than many types of steel) in that specific direction, but will start to break apart when pulled or stressed in the other directions. Carbon fiber has a tendency to break, chip, or crack when hit on sharp or hard objects. Another thing about carbon fiber is that it takes a lot of work to make, so it is on the expensive end of the spectrum. Because of the labor and cost put into carbon fiber, this material is usually saved for the higher end knives. The carbon fiber on the Kwaiback fixed blade is black. There are two deep grooves carved going down the middle of the knife to cut down on weight and add a little bit of grip. When talking about the handle on the Kwaiback fixed blade, Jake Hoback Knives has said, “The carbon fiber handle gives that touch of modern to an ancient design, while being comfortable for hard use.”


The Mechanism:

This version of the Kwaiback knife is a fixed blade. Fixed blades have many advantages to them. Unfortunately, many people don’t understand how great a fixed blade really can be. Many people get caught up in the advantages of folding knives and the disadvantages of fixed blades. But both styles of knives have their own advantages and their own set of disadvantages. So let’s start with the negative. Fixed blades are not as discreet or easy to conceal as a folding knife, it’s possible, but you can’t just shove it in your pocket. But, a fixed blade is a stronger knife that is more durable. There is not a plethora of moving parts that can rust, break, or stop working. And since fixed blades are usually thicker and longer, they have more power behind them; more strength behind them. Fixed blades are also much easier to maintain, because there are no innards that are open to getting dirty or wet. For the quick clean, all you have to do is wipe down the blade/handle. When you want to really clean your knife, all you have to do is oil the blade. Fixed blades are also the best for survival tools. Because they have so much strength and durability behind them, they can cut, dig, hammer, and even pry. Fixed blades are also great for using as a tactical tool, because you can get it out and into action quicker than a folding knife.


The Sheath:

The Kwaiback fixed blade comes with a black kydex sheath. Kydex is a thermoplastic material that was original used to make holsters. Kydex is one of the most durable sheath materials that you are going to find. Kydex can go in many environments, including salt water, without its quality being compromised. However, many people don’t like this sheath material because it has no personality to it. Basically, it is a lump of plastic. Another bummer about kydex is that it is a loud material. When you are unsheathing your knife and replacing it, it is going to make a lot of noise. In fact, if you are trying to be discreet, this sheath is going to give you away. The last bummer about the kydex sheath is that if you are continually drawing your knife and replacing it, it will dull the edge of your blade. So while the sheath is crazy durable, you do have to weigh the cons and see if that sheath is worth it for you.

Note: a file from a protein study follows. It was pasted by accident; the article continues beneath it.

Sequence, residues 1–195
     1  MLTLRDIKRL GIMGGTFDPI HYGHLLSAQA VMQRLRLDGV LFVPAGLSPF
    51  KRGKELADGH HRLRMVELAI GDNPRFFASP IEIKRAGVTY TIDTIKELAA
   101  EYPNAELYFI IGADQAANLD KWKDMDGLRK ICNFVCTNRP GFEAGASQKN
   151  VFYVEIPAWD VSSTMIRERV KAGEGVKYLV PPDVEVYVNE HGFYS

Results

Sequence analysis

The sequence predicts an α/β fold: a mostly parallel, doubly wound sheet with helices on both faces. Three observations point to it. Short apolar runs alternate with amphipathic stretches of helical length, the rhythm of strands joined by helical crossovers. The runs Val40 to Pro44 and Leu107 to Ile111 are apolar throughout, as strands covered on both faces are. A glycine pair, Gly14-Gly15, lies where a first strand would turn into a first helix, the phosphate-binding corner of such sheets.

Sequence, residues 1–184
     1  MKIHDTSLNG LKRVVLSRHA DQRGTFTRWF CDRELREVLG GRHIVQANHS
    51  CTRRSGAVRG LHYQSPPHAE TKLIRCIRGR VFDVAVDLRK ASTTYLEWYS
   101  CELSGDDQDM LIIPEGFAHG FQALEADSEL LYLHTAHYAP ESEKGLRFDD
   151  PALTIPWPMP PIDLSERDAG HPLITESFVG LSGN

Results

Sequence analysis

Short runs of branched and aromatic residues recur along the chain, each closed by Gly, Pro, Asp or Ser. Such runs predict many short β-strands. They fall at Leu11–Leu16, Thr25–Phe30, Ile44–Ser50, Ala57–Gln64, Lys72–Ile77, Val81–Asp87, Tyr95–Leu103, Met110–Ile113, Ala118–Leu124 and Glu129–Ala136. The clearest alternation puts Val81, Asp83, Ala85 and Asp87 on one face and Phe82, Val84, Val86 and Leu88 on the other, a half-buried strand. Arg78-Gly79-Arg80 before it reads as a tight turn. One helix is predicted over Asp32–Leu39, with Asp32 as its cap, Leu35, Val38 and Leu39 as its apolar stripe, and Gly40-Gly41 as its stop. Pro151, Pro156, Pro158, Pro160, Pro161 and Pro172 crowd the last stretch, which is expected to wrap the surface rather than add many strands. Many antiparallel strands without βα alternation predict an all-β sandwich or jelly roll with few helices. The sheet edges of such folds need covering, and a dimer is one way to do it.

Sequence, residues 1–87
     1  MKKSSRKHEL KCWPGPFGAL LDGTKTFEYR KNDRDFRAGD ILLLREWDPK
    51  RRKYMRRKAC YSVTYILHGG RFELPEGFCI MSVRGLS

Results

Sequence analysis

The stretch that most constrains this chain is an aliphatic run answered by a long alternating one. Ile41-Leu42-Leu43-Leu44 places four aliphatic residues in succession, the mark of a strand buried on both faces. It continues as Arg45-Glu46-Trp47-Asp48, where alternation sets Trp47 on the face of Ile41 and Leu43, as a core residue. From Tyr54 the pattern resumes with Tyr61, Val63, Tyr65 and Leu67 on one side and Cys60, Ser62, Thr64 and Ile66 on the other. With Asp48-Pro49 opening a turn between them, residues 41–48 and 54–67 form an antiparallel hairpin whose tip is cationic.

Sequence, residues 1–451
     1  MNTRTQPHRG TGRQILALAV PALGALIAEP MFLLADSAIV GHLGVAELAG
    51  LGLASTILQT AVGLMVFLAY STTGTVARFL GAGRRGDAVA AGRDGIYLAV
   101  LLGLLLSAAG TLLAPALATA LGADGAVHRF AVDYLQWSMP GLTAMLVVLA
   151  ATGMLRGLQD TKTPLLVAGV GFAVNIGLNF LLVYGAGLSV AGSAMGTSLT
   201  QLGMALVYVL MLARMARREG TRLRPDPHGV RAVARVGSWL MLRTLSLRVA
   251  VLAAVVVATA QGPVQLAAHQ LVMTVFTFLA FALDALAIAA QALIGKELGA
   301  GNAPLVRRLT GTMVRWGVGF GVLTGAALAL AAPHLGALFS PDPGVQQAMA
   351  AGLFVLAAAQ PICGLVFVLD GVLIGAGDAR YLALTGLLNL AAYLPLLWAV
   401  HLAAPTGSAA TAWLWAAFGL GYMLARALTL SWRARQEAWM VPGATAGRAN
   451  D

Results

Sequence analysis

The Specs:

The overall length of this knife is 9.64 inches. The blade on this knife is 5 inches long with a thickness of 0.19 inches. The handle on this knife is 4.64 inches long. This knife weighs 5.7 ounces, without the sheath.


Pro of the Kwaiback Fixed Blade:

  • The steel chosen for the blade is a super steel.
  • The steel is very hard and has great corrosion resistance properties.
  • The edge retention on this steel is excellent.
  • The steel has been finished with two different finishes, so the steel is more durable, more resistant to rust and wear, and the stonewash finish hides scratches.
  • The blade has a tanto shape, which is absolutely exceptional for piercing through hard materials.
  • The tanto shape is also great for tactical and survival purposes.
  • The carbon fiber handle is super strong.
  • The fixed blade is exceptionally strong.
  • The fixed blade gives it the ability to do tasks such as digging and cutting.
  • The fixed blade is easy to maintain.
  • The fixed blade is not likely to break, because there are no little parts that can break or stop working.
  • The kydex sheath is durable and strong.


Cons of the Kwaiback Fixed Blade:

  • The steel chosen for the blade is hard to sharpen.
  • Fixed blades are larger than folding knives, so they are harder to have with you at all times.
  • Kydex sheaths have the tendency to dull your blade edge over time.



Jake Hoback, of Jake Hoback Knives, has loved making knives since 1990, when he would make knives in his backyard. He eventually got a summer job at his dad’s blacksmith shop and was immediately hooked. He started making and producing knives professionally in the early 2000’s and we are so glad that he did. Jake has produced a variety of exceptional knives that are loved in the knife community. One of those knives was the Kwaiback flipper, that had such a following, Jake decided to produce a new version but this time, a fixed blade.

To perfect this fixed blade, he started with a super steel that has great edge retention and fantastic corrosion and wear resistance. This steel is tough and strong. Next, he carved the super steel into a tanto blade shape, which is the perfect option for survival and tactical knives. This is a strong blade shape that is going to be able to pierce through almost any hard material. To add a little bit of modern to the traditional blade shape, the handle is made out of carbon fiber. As a cherry on top, the Kwaiback fixed blade comes with a kydex sheath. This new knife is going to become your new favorite if you give it the chance.